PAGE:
Why the Pebble e-ink watch failed

Originally published at: Why the Pebble e-ink watch failed | Boing Boing


I discovered Pebble because someone used a typeface I designed for a custom watchface for the Pebble.

Unfortunately, my Pebble stopped being useful for replying to text and chat messages once the services got turned off after it got sold.

I ended up buying a new smartwatch with the NFC feature I wanted and used one of my other typefaces for a custom watchface.


I liked the concept of the Pebble from the start but i feared that over time bigger players would just be able to stay relevant just from sheer power of name brand recognition and money.

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I don’t wear a wrist watch, but I tried (was gifted) an apple watch. After I turned off every annoying nagging feature I was left with … a wrist watch. And I don’t wear a wrist watch. Returned.


The Pebble was really a turning point for me in ADHD management; it really enabled me to set a scheduling process that would remind me of what I needed with only touching the time management system once. It probably is one of the biggest contributors to me surviving grad school.

Bit fortuitous that I only picked it up to familiarize myself with the form factor for research design.


Not sure some the 200 words that followed really counted as a “tl;dr”, but it was a nice thought.

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Aww. Harsh.

I worked for Canon in the early 90’s. This was before the phone became the universal portable piece of technology. We were experimenting with different formats, including a watch, a wallet, a calculator (not the mobile phone shape of the day), a pen. I wore a Casio multi-function watch so got the watch. I wore a Seiko (?) PC watch that ran Japanese DOS to see what inspiration comes. Good times.

This sort of thing has a tiny success window to hit. You have to have something technical but also personal like a fountain pen glasses, or a leather wallet. Steve Jobs’ Apple managed it, but they had a huge war chest, and could make mistakes. They would have laughed off having $20M overspend in the warehouse. You have to go for the big success: other tech companies are watching, learn from your mistakes, and make a better product from the next generation of components the moment you relax. Winner takes all says the market: no points for a ‘jolly good try’.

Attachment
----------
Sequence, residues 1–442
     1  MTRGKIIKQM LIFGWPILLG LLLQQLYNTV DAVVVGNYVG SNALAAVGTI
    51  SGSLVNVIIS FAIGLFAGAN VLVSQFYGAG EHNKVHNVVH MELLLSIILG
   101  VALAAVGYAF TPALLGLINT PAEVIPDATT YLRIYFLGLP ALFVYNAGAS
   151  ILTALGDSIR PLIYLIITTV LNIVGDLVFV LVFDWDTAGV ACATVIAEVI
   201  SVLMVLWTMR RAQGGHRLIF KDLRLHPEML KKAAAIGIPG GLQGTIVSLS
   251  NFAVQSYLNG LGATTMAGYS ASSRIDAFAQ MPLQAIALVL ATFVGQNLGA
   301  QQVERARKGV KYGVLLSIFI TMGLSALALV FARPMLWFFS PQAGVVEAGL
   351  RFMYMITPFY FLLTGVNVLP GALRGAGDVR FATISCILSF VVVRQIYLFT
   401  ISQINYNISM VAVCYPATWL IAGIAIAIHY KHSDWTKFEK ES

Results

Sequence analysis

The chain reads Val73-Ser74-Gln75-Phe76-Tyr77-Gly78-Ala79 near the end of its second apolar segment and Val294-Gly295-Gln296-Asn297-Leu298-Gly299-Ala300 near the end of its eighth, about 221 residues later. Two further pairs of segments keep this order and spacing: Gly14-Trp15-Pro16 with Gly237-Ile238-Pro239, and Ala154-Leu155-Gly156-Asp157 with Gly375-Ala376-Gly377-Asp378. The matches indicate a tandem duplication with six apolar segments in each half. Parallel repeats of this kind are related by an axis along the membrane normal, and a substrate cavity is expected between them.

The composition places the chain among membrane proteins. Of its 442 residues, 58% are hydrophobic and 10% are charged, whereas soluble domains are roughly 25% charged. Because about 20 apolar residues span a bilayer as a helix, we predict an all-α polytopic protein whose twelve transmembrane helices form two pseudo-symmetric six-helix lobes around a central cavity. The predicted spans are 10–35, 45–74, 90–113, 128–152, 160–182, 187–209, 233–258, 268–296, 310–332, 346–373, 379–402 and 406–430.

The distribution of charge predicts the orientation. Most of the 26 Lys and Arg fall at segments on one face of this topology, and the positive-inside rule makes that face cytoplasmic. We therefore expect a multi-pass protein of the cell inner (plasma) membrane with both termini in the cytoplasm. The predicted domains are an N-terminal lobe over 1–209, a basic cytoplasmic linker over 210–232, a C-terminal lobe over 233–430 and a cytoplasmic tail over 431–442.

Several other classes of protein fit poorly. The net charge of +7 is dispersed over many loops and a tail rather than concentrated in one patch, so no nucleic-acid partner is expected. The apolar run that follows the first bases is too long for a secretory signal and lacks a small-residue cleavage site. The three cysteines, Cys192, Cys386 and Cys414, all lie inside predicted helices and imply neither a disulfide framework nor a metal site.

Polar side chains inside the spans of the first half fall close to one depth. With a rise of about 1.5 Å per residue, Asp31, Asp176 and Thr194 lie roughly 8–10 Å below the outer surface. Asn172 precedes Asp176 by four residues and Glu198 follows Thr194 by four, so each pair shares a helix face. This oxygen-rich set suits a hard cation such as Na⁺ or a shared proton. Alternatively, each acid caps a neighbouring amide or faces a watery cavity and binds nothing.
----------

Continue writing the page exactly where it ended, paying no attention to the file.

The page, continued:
Which is a shame. Because it seems like a ‘jolly good try’ to me.


right? it seemed to me that they did manage to put a good product out there. business is hard.

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The article seems like a lot of self-flagellation over something that couldn’t have turned out differently. It’s telling that he spends a lot of time talking about Y Combinator and barely mentions the Apple Watch.

It’s a common feature of brainwashing cults that you’re made to criticise yourself and explain your failings in terms of how you strayed from the cult’s teachings. In the real world, Pebble had a good early-adopter product and was then crushed by Apple entering their market. But this explanation is obviously forbidden in Y-Combinator-thought, where I guess failure means you fell short morally and don’t deserve Paul Graham’s love.

It reminds me of crypto bros going on about “grindset” and “WAGMI”. People will believe anything, if it tells them life isn’t a lottery where the previous winners hold most of the tickets.


I love the honesty and retrospection here. One thing that is interesting to me is that they took several iterations to really identify who their customers were and what they wanted. That isn’t uncommon at all. Twitter started out as “Odeo” a podcast discovery site. Instagram was a location-based checkin app. A lot of companies need to dramatically pivot to meet their customers. The thing that really intrigues me is how much more difficult this is to do for manufactured goods vs. software. The lead times make experimentation harder.